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  Turning Things into Assets Datassets: Assetizing and Marketizing Personal Data Thomas Beauvisage & Kevin Mellet Thomas Beauvisage Orange Labs - SENSE thomas.beauvisage@orange.com Kevin Mellet Orange Labs - SENSE & Mines ParisTech, CSI kevin.mellet@orange.com  Draft version - 2017-22-09 In a 2011 report entitled “Personal Data: The Emergence of a New Asset Class”, the World Economic Forum (WEF) stated that “  personal data is generating a new wave of opportunity for economic and societal value creation. (…)   As some put it, personal data will be the new “oil” –   a valuable resource of the 21st century. It will emerge as a new asset class touching all aspects of society ”  (Schwab & al., 2011, p. 5). Admittedly, the economic importance of personal data is not new. In the 1970s (to stick to contemporary times), private players developed database management software, and some of them, which later became known as data brokers, have established the basis for the trading of lists (of addresses, contacts, profiles, etc.). It was during this period that an academic literature on data and privacy (Posner, 1981) and modern legislation on the protection of  personal data (Fair Credit Reporting Act, USA, 1970; Loi Informatique et Libertés, France, 1978) developed. That said, the recent and combined accelerations in the areas of networks, storage and computing, and the multiplication of sensors that record traces have changed the order. This evolution is precisely the starting point of the analysis of the WEF, and of a large array of  professional and academic literature (Kitchin, 2014) seeking to describe the “  big data revolution” . Big data systematizes the apprehension of data and traces as a valuable resource requiring attention and investment: as pointed by Schneier (2015, p. 15 ), “in the normal course of their operations, computers continuously document what they’re doing”, thus pr  oviding easy means to build databases of personal individual information. The massive and protean nature of this dynamics extends well  beyond the scope of this contribution (for ambitious and systematic explorations of the big data  phenomenon, see Kitchin, 2014; Cardon, 2015; Bouk, 2017). In this chapter, we will focus on personal data in the marketing industry. As we will see, market- based trade of personal data by data brokers is only a small part of a much larger transformation that implies the production, activation and flow of data, at a large scale. These exchanges take place mainly within the organizations or at their margins, without necessarily taking the form of monetary exchanges. How concretely are personal data transformed into economic assets that generate revenue streams and value? How does this “new asset class” emerge, if it does? The concept of asset does not reduce investments and mechanisms of economic valuation to their single market instantiation. As underlined by Muniesa & al. (2017, p. 13), anthropology and sociology typically focus on “ commercial valuation  –   things being valued as they are bought and sold, and hence valued as commodities in the market ” , but pay few attention to the process of capitalization. This chapter aims at contributing to bridging this gap, by reporting how, in the marketing industry, personal data have  become a specific kind of asset.  Beauvisage-Mellet -  Datassets: Assetizing and Marketizing Personal Data - Draft version 2 There is an emerging literature that seeks to open the black box of this industry by describing its intermediaries, products, processes and organizing principles. In his book The Daily You , Turow (2012) is investigating the development of the online advertising market. He presents an entire industry engaged in a process of sorting Internet users and prospects, between “ targets and waste ” . Turow argues that a process of personalization, based on the creation of extremely detailed databases on the characteristics and tastes of Internet users, is under way. In a more emerging way, at the end of the book, he is interested in a set of actors specialized in the collection, aggregation, processing and selling of personal data, which tend to gain importance in the ecosystem of online advertising: data brokers. The latter, among which Acxiom or Experian, are characterized by a great sense of secrecy, so that it was a hearing from the Federal Trade Commission, followed by a report (2014), that made it possible to remove the veil on their activity. The FTC report provides a description of this industry, its data acquisition methods, its products (segments and scores for marketing, risk mitigation for finance, people search) and its customers. This report serves as a primary source for works that seek to account for the breadth and variety of forms of tracking and surveillance put in  place by private companies in the 2010s (see Christl & Spikermann, 2016). Conversely, some authors notice how increasing concern about privacy has been seized as a business opportunity by entrepreneurs (Milyaeva & Neyland, 2016). Another set of research studies the forms of stranglehold and appropriation at work on the part of this industry, and questions the moral and legal legitimacy of this foreclosure. M. Ebeling (2016) is interested in how ordinary life events become objects of capitalization by data brokers. In a fascinating auto-ethnography of her marketing baby, she describes the logics of capture implemented  by data brokers, and how they are coupled with a form of appropriation. For her, the transformation of private data into assets is based on a gesture of ownership claim: “Brokers argue that by ‘adding value’ to data through analyzing it, proces sing it, de-identifying it, and creating new instruments or data products out of ‘raw’ data, brokers firm up their ownership claims. A common refrain in the industry is that data is the ‘new oil’ and brokers are the ‘processors’ that refine it and make it into ‘products’.” (Ebeling, 2016, p. 44). Nissenbaum (2016) is interested in the legal arguments put forward by big data promoters. The latter are engaged in an ideological and political battle to eliminate the regulations that concern the collection of data. According to them, it is the use of data, not its collection, that must be regulated, a stance Nissenbaum labels “big data exceptionalism”.  In other words, personal data constitute a store of (economic, social, etc.) future value, but the uncertainty about the nature and the modalities of extraction of this value make that the processes of recording of traces and constitution of giant databases should not be hindered. These works provide a solid basis for analyzing how personal data are engaged as economic assets in industrial and market processes. But they do not necessarily reflect the way or the ways in which these datasets are transformed into assets, beyond the capture devices put in place by corporations. And capitalization is thus often reduced to a binary sequence of operations of capture and marketization, and carried out by data brokers only. In this chapter, we wish to investigate the various means by which personal data can become assets, for whom, and how these assets can be activated. We will show that assetized personal data, or ‘ datassets ’ , are the result of various investments in forms (Thevenot, 1984), standards (Lampland & Star, 2009), and market devices and infrastructures (Muniesa, Millo & Callon, 2007). We build upon an empirical investigation of market intermediaries in the marketing and advertising industries. First, we analyze the repeated and unsuccessful attempts to create a C2B market for  personal data, and the underlying conception of personal data marketization as a trade-off between  privacy and the benefits of tailored services . This failure can be considered as a ‘performativity failure’ of economic models and related experiments. Secondly, we investigate the actual markets for  personal data, a B2B activity strongly linked with marketing and advertising services. We show that  p ersonal data can be commodified and traded, especially by ‘data brokers’, but as derivates adding  Beauvisage-Mellet -  Datassets: Assetizing and Marketizing Personal Data - Draft version 3 value to advertising products in the form of contacts, segments or attributes. We finally argue that the spreading of tracking technologies and Data Management Platforms (DMPs) inside private companies contributes to transform datasets into ‘datassets’, that can either compete or articulate with third party, commodified, data. Attempts to marketize personal data In the 2010s, personal data appeared to a large range of economic players as a new asset, strongly linked with the digital economy, and often described as the "new oil" of a forthcoming fully digitized world. But the potential value of this new economic good was still to be determined. To answer this question, and potentially take a share of this new value, a part of the entrepreneurial world of the digital economy considered personal data as a commodity, a standard elementary tradable good like oil, close to a liquidity. Such perspective on personal data as assets was reinforced by the forecast of neoliberal institutions such as the World Economic Forum, who imagined a highly direct conversion scheme of personal data into revenue streams. The aforementioned report calls for the establishment of a new data infrastructure, which simultaneously gives individuals high control over their personal data, their digital identity and privacy, and facilitate the flow and exchange of data so far retained in isolated silos of each other, between individuals, companies and public institutions. The report  predicts that personal data will constitute a new form of currency for individuals  –   one that they would be free to manage themselves: “In practical terms, a person ’ s data would be equivalent to their 'money'. It would reside in an account where it would be controlled, managed, exchanged and accounted for just like personal banking services operate today.”  (Schwab & al., 2011, p. 10). "New assets" as possible products and markets in the future The WEF initiative is not isolated. It took place in a doubly favorable context. On the one hand, in the entrepreneurial world of the digital economy, entrepreneurs have glimpsed the opportunity to  build sustainable business models around the marketing by individuals of their data. On the other hand, within the civil society, individual rights groups such as the Electronic Frontier Foundation have supported initiatives that aimed at empowering individuals against the gluttony of large digital service corporations. In this context, it seemed that there was a genuine prospect of a market for  personal data in which internet users would make money from selling information about themselves. In order to sketch the outlines of a system in which internet users would sell their personal data, academic research and consumer surveys led by private companies attempted to appraise the market worth of personal data. These economic experiments all take the same approach, immersing internet users in fictitious situations in which they have to weigh up the cost of disclosing information about themselves (age, income, internet history) against a financial benefit (discounts, sale of data, etc.). The value of data is thus defined as the price  – or its equivalent in service terms  – at which individuals would agree to transfer specific pieces of private information. The aim of these initial valuations was to identify the data whose protection individuals valued most highly, as well as the third parties to whom they would consider selling them, and at what price. It was also a way to assess the cost of privacy (see Table 1 Erreur ! Source du renvoi introuvable. ). Table 1. Summary of studies on the worth of personal data for individuals Source Average valuations Huberman & al. (2005) Age = $57 Weight = $74 Danezis & al. (2005) Location ~ £27 Beresford & al .  (2012) Favourite colour and year of birth =  €1    Beauvisage-Mellet -  Datassets: Assetizing and Marketizing Personal Data - Draft version 4 Carrascal & al .  (2013) “Offline”  information (age, address, economic status) ~ €25  Browsing history =  €7 Interactions on social networks = €12  Search history =  €2  Shopping =  €5  Staiano & al .  (2014) Geolocation =  €17 to € 588 Communications = €3.40 to 51  Havas Média (2014) 1  30% sell in the top band, i.e. “More than €500”  Orange (2014) 2   Each piece of information ~ €15 (name, mobile number, children's ages, income, purchase history, contacts, etc.) Average total value = €170  The study conducted by Carrascal & al. (2013) is a good example of the kind of work done. The experiment was based on a plugin developed for web browsers, which, in real time, asked a panel of  participants (n=168) at what price they would be willing to sell information about their behaviour and practices on the web. 'Offline' information (age, address, economic status) had a high price, at around €25. The average price for browsing history, meanwhile, was €7, with variations depending on the information (€12 for interactions on social networks; €15.50   for visits to financial sites; €2 for search history; €5 for shopping).   Unsuccessful attempts to create a C2B market for personal data Some start-up companies have explored this path, banking on the idea that digital players would respect the need to seek users' consent to provide their data, and on the notion of attaching  proprietary rights to personal data, thus turning it into an asset. We have identified five such players, in the United States (Personal, Datacoup, Personal Black Box), the United Kingdom (Handshake) and France (Yes Profile). These five companies were established between 2009 and 2013. In this context, our five start-ups all used the same pitch, which can be summed up as follows: the  business model of internet giants is based on unfairly seizing private information, from which they make enormous profits, not least through advertising. Their services would make the web user's consent a central tenet, redirecting profits to end users who would now be able to sell their information. The model adopted by these companies involved asking internet users to entrust them with data from social networks, as well as entering a considerable amount of additional information about themselves, particularly about their purchase intents, or even taking part in focus groups and testing products. The potential gains these start-ups promised to web users were in some cases highly exaggerated: Handshake sugg ested profits could reach £15,000 (€19,000) per participant per year; Yes Profile estimated potential monthly income at €60 to €100, giving an annual total of up to  €1200; and Personal Black Box gave a range from $50 to $500 (€45 and €450). Datacoup, meanw hile, was more cautious, with its site advancing the figure of €8 a month, or around a hundred euros a year. This business model never took off. Ultimately, it came up against one major stumbling block: the capture and sale of web users' traces and personal information was already a widespread practice, 1  Havas Media (2014). « Les Français et leurs données personnelles, quelle place pour les marques ? ». Corporate report. http://www.havasmediaopendata.com/media/1087/havas-media-data-presentation-25-septembre-2014.pdf. Visited: Sept. 2017. 2  Orange (2014). The future of digital trust. A European study on the nature of consumer trust and personal data . Corporate report. http://www.orange.com/content/download/25973/582245/version/2/file/Report+-+My+Data+Value+-+Orange+Future+of+Digital+Trust+-+FINAL.pdf. Visited: Sept. 2017.  Beauvisage-Mellet -  Datassets: Assetizing and Marketizing Personal Data - Draft version 5 and it did not stop while users subscribed their services. The legal framework is such that advertisers do not need to turn to internet users to access information that they already systematically obtain directly through their websites and applications (data from CRM databases, behavioural data from their website), or indirectly through advertising and marketing players. The founder of Personal, Shane Green, observed in 2013 that the market for personal data “does not exist right now, because consumers are not in on the game”. A counter  -argument might be that it is precisely because consumers are not in on the game that the market does  exist today (see below, section 2). In other words, companies like Yes Profile, which  promise individuals to “own their profile again” are unable to keep this promise: signing up on Yes Profile website and providing them your personal information does nothing to stop the tracking performed by other players (advertising networks, ad exchanges, data brokers, etc.). The profiling performed by Yes Profile only adds to the multiple tracking mechanisms individuals are exposed to, it does not replace them. In consequence, the C2B market for personal data has never really taken off, and the start-ups that have tried to create it are either doing negligible business or have changed their core business, abandoning personal data monetization for individuals (Personal Inc. fits into the latter category, now selling a collaborative software solution). In addition, even if internet users were to take back control of their data and their traces and try to make money out of them, the self-valuation of personal data by internet users would come up against another major constraint: on existing markets, individual level information is not worth much, and this effective market price probably does not justify individuals going to the effort of putting them up for sale. Calculations from two sources based on the rates used on the advertising market provide empirical support for this observation. The  Financial Times  was the first, in June 2013 [8], to assess the value usual personal data (sociodemographic information, assets, leisure pursuits and consumption patterns) based on list prices of data brokers in the United States. Summing the value of each piece of information, the average total value was running at around 20 cents. A second empirical study by Olejnik & al. (2013) reports purchase prices in online advertising auction systems (know n as “RTB” or Real Time Bidding). The authors observe that browsing history itself is only worth around $0.0005 for an advertising impression; when applying that price to the average number of sites visited and advertisements displayed per site, the authors estimate the volume of business generated at $0.18 per month. Web users' potential earning on this market would be around $0.432  per year. The failure of the World Economic Forum's forecast of personal data as a "new liquidity" for individuals can be seen as performative failure of the neo-liberal ideology. Although personal data can indeed be considered as an asset and a tradable object, the mistake was to consider that its  potential value would be unleashed through a C2B commodification process. The idea of personal data as liquidity is also the avatar of the attempt to gauge the potential value of something without  being able to dig it into markets, e.g. players, conventions, strategies, history. In that sense, the failure of a C2B market for personal data also signals that personal data cannot be considered as a good as-is, but need to be constituted as products to match operational needs and take a specific  place into markets architecture. In fact, the market for personal data as a product has already existed for decades in the marketing area: a B2B market for purchase intentions, qualified profiles and lists of individuals, framed for the needs of advertisers and a highly automated industrial chain. The assetization of personal data in the marketing industry The actual market for personal data has its roots before the development of internet. It is a B2B affair, with private and public organizations as its main customers, and long-established providers,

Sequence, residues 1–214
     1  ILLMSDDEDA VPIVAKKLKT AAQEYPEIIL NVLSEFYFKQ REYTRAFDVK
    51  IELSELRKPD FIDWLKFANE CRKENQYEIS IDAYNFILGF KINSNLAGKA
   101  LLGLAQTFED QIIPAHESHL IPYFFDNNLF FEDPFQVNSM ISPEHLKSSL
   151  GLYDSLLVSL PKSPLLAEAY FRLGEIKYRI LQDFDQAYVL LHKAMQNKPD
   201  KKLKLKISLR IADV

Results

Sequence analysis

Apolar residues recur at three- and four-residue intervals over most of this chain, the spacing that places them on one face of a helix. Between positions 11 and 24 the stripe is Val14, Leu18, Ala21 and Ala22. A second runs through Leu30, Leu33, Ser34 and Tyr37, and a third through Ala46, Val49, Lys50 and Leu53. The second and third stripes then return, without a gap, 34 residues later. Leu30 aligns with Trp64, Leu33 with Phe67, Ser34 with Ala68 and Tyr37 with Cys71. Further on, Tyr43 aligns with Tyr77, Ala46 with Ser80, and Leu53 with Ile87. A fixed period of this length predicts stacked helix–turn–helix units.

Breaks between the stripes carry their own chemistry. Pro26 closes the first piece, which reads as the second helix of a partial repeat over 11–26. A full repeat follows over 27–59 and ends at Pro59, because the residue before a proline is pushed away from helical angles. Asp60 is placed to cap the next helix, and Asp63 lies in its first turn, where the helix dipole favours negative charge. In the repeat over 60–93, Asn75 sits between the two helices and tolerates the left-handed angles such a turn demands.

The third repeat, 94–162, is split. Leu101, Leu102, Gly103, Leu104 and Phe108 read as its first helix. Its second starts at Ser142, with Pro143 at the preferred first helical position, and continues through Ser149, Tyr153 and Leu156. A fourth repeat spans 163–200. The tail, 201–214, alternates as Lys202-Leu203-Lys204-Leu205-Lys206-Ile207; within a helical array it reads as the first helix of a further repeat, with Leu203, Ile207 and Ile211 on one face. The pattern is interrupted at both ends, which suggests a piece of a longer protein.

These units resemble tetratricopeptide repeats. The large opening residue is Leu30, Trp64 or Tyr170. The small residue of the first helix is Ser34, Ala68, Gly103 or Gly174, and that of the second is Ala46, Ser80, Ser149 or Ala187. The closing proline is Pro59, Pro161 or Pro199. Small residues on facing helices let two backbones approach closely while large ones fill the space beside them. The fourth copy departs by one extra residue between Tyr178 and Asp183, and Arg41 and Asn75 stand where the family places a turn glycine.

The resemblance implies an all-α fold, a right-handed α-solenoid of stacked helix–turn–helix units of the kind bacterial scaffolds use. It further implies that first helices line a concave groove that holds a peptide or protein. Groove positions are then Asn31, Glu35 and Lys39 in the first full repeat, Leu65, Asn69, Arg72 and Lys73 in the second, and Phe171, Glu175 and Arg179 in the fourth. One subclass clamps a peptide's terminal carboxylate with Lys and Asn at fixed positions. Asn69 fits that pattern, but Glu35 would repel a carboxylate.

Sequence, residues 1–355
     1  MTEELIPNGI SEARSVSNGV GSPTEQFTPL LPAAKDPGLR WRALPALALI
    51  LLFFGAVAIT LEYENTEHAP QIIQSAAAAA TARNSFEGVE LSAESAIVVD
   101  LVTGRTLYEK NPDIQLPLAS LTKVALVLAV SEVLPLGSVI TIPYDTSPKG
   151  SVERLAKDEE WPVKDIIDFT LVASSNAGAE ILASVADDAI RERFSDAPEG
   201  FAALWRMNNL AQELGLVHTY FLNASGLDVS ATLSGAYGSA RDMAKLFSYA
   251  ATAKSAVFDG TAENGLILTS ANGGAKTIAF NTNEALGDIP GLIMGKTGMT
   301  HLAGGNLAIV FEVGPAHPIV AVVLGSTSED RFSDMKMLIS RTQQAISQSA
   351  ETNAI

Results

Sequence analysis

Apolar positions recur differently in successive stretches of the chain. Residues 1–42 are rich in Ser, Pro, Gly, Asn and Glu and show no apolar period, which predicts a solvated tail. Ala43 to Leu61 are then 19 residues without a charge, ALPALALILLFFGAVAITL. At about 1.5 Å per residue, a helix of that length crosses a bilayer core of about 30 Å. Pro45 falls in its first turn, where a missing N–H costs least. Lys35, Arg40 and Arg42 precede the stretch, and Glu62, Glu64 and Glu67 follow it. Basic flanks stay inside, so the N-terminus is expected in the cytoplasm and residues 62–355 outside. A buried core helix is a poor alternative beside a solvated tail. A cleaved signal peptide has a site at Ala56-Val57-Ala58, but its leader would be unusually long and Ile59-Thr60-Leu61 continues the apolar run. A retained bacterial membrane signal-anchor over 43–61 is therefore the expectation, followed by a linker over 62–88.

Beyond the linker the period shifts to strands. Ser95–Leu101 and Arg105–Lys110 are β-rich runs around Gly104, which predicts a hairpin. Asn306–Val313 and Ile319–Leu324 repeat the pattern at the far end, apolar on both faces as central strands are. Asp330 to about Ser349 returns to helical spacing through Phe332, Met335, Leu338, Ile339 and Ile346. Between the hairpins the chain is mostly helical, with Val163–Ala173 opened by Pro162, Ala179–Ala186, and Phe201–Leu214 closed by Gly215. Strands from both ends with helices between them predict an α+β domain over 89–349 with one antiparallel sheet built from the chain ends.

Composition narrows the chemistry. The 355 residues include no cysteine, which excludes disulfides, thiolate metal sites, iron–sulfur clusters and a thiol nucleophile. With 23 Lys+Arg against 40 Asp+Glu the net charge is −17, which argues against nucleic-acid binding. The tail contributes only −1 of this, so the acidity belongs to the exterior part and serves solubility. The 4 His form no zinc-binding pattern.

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Sep 22, 2019